"A Bird in Flight (2016)," by Hamid Naderi YeganehThis image shows all circles of the form:
(x-A(k))^2+(y-B(k))^2=(R(k))^2,

"Ring," by Hamid Naderi YeganehThis image shows 5,600 ellipses. For each k=1,2,3,...,5600 the foci of the k-th ellipse are:
A(k)+iB(k)+C(k)e^(44πik/5600)
and
A(k)+iB(k)-C(k)e^(44πik/5600)
and the eccentricity of the k-th ellipse is D(k), where
A(k)=(cos(28πk/5600))^3,

"8,000 Ellipses," by Hamid Naderi YeganehThis image shows 8,000 ellipses. For each k=1,2,3,...,8000 the foci of the k-th ellipse are:
A(k)+iB(k)+C(k)e^(300πik/8000)
and
A(k)+iB(k)-C(k)e^(300πik/8000)
and the eccentricity of the k-th ellipse is D(k), where
A(k)=(3/4)sin(2πk/8000)cos(6πk/8000)+(1/4)sin(28πk/8000),

"Heart," by Hamid Naderi YeganehThis image shows 2,500 ellipses. For each k=1,2,3,...,2500 the foci of the k-th ellipse are:
A(k)+iB(k)+C(k)e^(68πik/2500)
and
A(k)+iB(k)-C(k)e^(68πik/2500)
and the eccentricity of the k-th ellipse is D(k), where
A(k)=(-3/2)((sin(2πk/2500))^3)+(3/10)((sin(2πk/2500))^7),

"Butterfly (3)," by Hamid Naderi YeganehThis image shows 40,000 circles. For k=1,2,3,...,40000 the center of the k-th circle is (X(k), Y(k)) and the radius of the k-th circle is R(k), where

"Butterfly (1)," by Hamid Naderi YeganehThis image shows 40,000 circles. For k=1,2,3,...,40000 the center of the k-th circle is (X(k), Y(k)) and the radius of the k-th circle is R(k), where

"Olive Branch," by Hamid Naderi YeganehThis image shows 4,000 circles. For k=1,2,3,...,4000 the center of the k-th circle is (X(k), Y(k)) and the radius of the k-th circle is R(k), where

"Snap-together Super-Bottle of Genus 4/σ," by Carlo Séquin (University of California, Berkeley)ABS plastic, printed on an FDM machine, 16 x 20 x 14 cm, 2015

Stimulated by the LEGO-Knot project, I aimed to design a set of modular parts that permits to compose not only various handle-bodies, but also single-sided surfaces of higher genus. The modular parts employed in my sculptures are tubular 3-way junctions, where one of the tubular stubs exposes the opposite side of the surface shown by the other two stubs. Depending on how the parts are connected, the resulting compositions remains orientable or becomes single-sided; in the latter case they correspond to sums of multiple Klein bottles; which I call "Super-Bottles." The two identical parts of which the sculpture is composed can be put together in three different ways. In two cases the resulting surface is single-sided (σ = 1) and in the third case it is double-sided (σ = 2). The genus of the resulting surface is 4/σ. The configuration shown is a non-orientable surface of genus 4, corresponding to the connected sum of two Klein Bottles, with two punctures. The insets show the two individual parts, and an assembly of them resulting in a 2-hole torus of genus 2 (with two punctures). --- Carlo Séquin Mar 09, 2016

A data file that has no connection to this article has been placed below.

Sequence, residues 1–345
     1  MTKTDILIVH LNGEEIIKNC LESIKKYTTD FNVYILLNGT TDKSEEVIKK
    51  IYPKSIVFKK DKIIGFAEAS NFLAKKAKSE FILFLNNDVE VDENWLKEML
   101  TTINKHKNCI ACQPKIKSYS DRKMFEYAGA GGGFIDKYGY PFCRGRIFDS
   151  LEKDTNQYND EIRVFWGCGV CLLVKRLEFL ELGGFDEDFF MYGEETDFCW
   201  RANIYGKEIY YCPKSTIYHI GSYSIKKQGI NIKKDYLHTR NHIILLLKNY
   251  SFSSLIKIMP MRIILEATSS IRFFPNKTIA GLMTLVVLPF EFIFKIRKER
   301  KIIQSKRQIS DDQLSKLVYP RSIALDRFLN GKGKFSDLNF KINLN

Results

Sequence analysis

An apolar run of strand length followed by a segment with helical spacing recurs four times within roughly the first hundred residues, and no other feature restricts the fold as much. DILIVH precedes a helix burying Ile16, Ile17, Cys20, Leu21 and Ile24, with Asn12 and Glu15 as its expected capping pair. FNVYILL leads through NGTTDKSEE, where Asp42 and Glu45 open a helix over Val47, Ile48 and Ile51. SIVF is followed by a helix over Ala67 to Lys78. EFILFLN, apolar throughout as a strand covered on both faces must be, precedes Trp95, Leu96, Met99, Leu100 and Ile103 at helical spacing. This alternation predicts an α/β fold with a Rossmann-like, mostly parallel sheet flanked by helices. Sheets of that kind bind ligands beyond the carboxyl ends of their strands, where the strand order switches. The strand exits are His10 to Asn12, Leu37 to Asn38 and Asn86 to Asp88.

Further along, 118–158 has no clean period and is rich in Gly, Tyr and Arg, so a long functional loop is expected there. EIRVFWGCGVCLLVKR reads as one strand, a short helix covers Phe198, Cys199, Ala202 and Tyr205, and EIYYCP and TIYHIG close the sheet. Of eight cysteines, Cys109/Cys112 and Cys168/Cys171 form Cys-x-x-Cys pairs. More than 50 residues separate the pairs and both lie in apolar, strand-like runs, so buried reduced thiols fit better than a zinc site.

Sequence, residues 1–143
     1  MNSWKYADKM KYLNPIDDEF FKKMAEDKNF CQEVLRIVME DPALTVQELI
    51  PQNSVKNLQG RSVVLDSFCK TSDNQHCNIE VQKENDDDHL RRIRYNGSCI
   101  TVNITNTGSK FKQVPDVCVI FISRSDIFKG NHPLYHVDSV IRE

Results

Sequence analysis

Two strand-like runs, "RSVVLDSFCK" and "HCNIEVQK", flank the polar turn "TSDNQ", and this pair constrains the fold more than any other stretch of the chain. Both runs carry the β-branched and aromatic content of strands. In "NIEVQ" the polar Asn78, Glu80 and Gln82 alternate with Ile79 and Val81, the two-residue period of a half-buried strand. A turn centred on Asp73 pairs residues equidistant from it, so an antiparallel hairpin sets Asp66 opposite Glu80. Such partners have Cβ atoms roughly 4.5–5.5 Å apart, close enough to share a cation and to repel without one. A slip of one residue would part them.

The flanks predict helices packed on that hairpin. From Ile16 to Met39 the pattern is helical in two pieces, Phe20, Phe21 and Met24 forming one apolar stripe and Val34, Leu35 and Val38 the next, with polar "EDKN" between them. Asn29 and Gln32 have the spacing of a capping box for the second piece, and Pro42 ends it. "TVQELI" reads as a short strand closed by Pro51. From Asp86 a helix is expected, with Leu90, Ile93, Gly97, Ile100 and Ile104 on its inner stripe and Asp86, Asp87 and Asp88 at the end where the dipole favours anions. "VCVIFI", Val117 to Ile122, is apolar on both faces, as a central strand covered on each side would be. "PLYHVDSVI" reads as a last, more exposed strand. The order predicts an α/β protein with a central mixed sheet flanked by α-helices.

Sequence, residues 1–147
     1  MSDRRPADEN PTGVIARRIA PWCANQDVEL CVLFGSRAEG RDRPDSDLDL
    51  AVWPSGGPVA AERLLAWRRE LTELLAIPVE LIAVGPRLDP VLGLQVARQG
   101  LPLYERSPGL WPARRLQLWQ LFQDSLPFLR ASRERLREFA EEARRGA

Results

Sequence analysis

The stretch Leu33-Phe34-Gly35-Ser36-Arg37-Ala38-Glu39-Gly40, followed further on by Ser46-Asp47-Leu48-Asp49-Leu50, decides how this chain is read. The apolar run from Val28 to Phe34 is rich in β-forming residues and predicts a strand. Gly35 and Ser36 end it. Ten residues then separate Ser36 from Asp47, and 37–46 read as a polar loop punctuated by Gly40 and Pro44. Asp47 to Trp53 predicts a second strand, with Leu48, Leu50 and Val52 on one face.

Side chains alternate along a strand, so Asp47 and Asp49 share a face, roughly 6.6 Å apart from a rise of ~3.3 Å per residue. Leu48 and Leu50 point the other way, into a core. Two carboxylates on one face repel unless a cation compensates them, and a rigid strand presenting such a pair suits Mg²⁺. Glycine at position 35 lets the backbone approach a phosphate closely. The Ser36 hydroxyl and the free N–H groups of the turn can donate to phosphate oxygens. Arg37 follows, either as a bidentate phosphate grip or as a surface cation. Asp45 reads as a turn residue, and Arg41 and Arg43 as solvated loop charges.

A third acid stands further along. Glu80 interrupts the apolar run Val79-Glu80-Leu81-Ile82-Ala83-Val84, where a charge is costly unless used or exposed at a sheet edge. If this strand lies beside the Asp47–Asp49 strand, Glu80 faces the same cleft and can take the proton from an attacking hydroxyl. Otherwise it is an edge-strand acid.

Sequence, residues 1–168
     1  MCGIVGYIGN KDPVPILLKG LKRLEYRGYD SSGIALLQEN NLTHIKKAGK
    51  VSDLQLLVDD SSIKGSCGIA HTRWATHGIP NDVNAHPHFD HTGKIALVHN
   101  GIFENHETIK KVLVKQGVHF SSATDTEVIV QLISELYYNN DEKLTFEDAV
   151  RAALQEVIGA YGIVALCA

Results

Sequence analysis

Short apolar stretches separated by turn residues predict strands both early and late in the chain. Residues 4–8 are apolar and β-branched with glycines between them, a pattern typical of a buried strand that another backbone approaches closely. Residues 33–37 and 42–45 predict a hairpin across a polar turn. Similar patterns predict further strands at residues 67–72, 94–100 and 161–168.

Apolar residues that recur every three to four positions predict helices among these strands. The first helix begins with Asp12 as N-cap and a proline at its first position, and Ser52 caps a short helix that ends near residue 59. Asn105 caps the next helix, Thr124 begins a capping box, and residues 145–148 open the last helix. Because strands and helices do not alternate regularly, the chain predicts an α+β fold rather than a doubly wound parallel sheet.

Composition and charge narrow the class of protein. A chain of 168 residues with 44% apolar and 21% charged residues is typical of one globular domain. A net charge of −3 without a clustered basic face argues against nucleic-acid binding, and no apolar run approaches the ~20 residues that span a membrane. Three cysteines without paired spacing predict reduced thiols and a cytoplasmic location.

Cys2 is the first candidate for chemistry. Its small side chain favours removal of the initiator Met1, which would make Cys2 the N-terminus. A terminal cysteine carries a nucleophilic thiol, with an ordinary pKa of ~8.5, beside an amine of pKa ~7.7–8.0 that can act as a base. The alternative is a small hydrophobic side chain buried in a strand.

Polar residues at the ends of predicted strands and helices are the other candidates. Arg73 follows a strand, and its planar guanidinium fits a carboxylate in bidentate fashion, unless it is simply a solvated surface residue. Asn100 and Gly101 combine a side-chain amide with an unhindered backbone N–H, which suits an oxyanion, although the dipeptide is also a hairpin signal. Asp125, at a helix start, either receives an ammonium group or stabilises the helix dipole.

"Stereographic projection (grid)," by Henry Segerman (Oklahoma State University, Stillwater)3D printed nylon plastic, lamp, 10 x 9 x 9 cm, 2014

The light rays from the lamp are partly blocked by the shrinking design on the sphere; the resulting shadow is a regular tiling of the plane by squares. This illustrates how stereographic projection transforms the sphere, minus the north pole, into the plane. Note how shapes are slightly distorted near the south pole, and dramatically distorted near the north pole. --- Henry Segerman Mar 09, 2016

"Kokabi Stars," by Reza Sarhangi (Towson University, Towson, MD)Tile, 50 x 50 cm, 2015

I am interested in Persian geometric art and its historical methods of construction. Kokabi Star (the great pentagram) can be constructed using the lines of the 10/3 star polygon. Patterning this star can be achieved using different approaches. Some of the presented stars in this artwork have been made based on the actual tiling on existing buildings. Some others have been constructed based on old treatises and scrolls. Some of the patterns have been created using the traditional compass-straightedge process. Modularity is another approach in this regard. Moreover, the two decorated quasicrystal patterns of Star and Sun (the only two quasicrystal patterns with global five-fold rotational symmetry) and their striking relationships with Kokabi Star have been presented. Is this relationship a theorem? --- Reza Sarhangi Mar 09, 2016